There are plenty of articles and opinions on how to become a better manager and leader, but nearly all of them are blind to the overwhelming evidence that 50-65% of managers don’t give a crap. That may be a generous number. Take a look at Gallup and other studies, and you will find, for over 15 years the average breakdown is, 30% of employees are engaged, 50% are meh, and 20% are actively disengaged. The percentages may tick up or down from year to year, but the stubborn reality persists, a minimum of two, and possibly as many as seven out of ten people are not engaged in their work, i.e. don’t care.
Ponder your personal experiences and a list of possible causes for this will ripen with reflection. The reality, only 20% of those reading these words will do the work and find ways to combat the issue. If you are in that achiever’s group, you have to double down to make a positive difference, because face it, you are outnumbered, either by indifference or malfeasance.
If you are in the group that genuinely cares and you are also responsible for other managers, it is crucial to admit that many of them do not care. They don’t care about their direct reports, the organization that pays them, and they don’t particularly care about you. Like it or not, their behavior and attitude reflect on you. You own it.
You could invest dollars with world-renowned thought leaders, who will provide insight and theory on ways to solicit higher performance, and in some instances that may be beneficial. Though keep in mind, the distribution of engagement hasn’t budged much in 15 years so the real answers may reside with practitioners, more so than theorists.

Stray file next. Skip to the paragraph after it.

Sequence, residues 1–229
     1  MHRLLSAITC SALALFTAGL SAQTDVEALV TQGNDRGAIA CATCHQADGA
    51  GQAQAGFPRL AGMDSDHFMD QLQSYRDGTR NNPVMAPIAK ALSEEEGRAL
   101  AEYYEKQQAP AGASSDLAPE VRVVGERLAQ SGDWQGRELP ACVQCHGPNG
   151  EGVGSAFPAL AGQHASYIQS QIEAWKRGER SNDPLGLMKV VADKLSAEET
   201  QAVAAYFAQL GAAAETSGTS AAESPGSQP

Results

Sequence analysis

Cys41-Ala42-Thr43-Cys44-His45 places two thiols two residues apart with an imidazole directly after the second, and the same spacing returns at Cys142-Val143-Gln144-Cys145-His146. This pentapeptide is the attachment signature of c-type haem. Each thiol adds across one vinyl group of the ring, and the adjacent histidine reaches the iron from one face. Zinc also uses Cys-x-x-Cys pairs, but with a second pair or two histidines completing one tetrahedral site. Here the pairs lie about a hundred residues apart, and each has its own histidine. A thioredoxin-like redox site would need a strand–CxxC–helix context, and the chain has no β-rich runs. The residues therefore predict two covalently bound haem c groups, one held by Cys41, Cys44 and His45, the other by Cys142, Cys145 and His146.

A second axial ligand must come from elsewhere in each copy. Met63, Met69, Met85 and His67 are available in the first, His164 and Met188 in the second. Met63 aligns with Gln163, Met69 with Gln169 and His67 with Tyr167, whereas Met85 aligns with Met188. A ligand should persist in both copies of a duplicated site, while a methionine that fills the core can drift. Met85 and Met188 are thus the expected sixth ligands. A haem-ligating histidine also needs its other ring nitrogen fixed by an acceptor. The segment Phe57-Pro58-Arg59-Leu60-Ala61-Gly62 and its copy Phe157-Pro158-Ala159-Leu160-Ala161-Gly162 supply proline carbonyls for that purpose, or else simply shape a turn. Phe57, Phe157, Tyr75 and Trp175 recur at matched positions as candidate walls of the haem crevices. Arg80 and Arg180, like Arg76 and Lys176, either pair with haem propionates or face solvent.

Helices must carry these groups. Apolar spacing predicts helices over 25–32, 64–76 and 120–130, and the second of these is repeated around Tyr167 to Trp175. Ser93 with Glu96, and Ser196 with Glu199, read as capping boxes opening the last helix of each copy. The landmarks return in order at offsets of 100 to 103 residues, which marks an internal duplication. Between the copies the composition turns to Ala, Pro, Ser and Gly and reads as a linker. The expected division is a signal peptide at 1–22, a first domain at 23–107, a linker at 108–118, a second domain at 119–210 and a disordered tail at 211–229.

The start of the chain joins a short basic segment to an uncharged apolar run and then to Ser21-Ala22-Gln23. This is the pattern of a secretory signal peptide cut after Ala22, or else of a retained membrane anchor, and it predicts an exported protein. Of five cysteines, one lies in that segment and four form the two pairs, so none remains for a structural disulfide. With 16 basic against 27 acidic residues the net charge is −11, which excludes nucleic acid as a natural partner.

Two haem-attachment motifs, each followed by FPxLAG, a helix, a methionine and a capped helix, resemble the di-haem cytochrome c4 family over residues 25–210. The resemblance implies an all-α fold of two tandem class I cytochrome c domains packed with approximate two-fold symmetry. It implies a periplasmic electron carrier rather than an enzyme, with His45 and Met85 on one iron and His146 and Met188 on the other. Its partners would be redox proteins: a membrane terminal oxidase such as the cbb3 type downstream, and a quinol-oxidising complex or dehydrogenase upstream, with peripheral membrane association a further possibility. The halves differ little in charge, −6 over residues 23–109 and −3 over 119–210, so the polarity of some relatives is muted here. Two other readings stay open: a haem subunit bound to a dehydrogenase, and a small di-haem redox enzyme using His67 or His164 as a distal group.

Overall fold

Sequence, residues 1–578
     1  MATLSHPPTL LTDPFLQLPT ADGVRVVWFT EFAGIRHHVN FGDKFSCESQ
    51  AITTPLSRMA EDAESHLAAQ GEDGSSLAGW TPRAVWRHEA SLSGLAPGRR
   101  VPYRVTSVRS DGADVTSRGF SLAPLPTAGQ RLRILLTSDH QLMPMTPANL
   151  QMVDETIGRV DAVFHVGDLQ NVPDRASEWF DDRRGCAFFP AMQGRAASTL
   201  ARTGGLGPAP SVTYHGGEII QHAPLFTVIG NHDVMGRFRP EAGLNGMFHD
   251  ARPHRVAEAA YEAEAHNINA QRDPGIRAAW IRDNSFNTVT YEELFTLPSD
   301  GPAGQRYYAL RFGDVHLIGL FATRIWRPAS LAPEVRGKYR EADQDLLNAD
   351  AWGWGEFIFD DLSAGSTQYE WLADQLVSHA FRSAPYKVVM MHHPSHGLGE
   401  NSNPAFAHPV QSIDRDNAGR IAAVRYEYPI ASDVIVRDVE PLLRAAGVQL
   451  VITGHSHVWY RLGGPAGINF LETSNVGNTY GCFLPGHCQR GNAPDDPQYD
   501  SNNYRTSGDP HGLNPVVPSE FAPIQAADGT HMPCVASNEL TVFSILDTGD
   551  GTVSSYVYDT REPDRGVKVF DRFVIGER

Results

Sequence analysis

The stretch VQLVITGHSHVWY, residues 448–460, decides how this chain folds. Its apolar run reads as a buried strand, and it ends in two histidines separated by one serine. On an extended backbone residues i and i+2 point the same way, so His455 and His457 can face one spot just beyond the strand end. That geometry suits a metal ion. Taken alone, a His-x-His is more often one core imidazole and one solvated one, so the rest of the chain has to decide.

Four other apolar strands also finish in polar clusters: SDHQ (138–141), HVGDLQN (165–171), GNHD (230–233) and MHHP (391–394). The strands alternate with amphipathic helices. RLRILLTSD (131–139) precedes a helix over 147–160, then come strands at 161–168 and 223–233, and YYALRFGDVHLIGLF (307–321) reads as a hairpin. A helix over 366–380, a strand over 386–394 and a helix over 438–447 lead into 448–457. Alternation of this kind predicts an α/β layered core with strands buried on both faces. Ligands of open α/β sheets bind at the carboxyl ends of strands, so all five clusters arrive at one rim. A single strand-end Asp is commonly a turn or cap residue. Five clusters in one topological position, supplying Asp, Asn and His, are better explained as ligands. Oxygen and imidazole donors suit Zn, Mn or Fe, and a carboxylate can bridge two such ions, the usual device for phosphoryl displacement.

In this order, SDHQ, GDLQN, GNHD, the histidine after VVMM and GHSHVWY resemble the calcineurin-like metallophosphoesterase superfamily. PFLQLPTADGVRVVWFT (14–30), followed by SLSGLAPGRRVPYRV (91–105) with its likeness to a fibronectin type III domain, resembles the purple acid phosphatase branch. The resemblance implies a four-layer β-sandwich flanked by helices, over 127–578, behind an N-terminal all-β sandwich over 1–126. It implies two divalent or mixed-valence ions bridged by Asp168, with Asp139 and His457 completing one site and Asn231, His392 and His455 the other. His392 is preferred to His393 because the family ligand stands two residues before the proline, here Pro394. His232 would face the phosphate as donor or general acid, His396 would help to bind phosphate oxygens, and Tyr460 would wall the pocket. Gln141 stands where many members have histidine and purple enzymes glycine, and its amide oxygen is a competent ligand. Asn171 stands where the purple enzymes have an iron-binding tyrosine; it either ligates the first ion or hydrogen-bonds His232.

Do a gut check. Do your managers give a crap? If they don’t, figure out why not and find ways to either remove their obstacles or remove them from management responsibilities, because you may confirm, they are the obstacle.
In short, start giving a crap.
Care – Care about your direct reports, your clients, your boss. If you often find yourself thinking, “I could not care less,” you’re doing it wrong. Decide to either improve or resign from your position.
Recognize – Recognize the efforts of those around you. It is too easy to take people for granted, especially if they make things look effortless. If you cannot make the time to recognize people who are helping you achieve the goals you are responsible for, you had better find ways to return to being an individual contributor, because you’re not demonstrating a basic component of effective leadership.
Accountability – The most difficult person to hold accountable is yourself. You make and break promises to yourself all the time, and then you subconsciously take it out on others. Polish your integrity. Honor your commitments and your mistakes. Instead of passing blame, accept it and fix it. Holding yourself accountable doesn’t come easy for many people. Set your ego aside and ask for help.
Persist – Don’t abdicate your leadership when it gets too hard or uncomfortable. Persist. Don’t succumb to apathy when things don’t immediately go your way. Persist. Know your true north, keep an eye on your moral compass, and continue driving toward what you know is right, despite any obstacles, self-imposed or otherwise.
There are plenty of strong, effective leaders; unfortunately, many of them do not hold positional power. That’s okay. Strong leadership has never needed a title. It is most attracted to those who give a crap.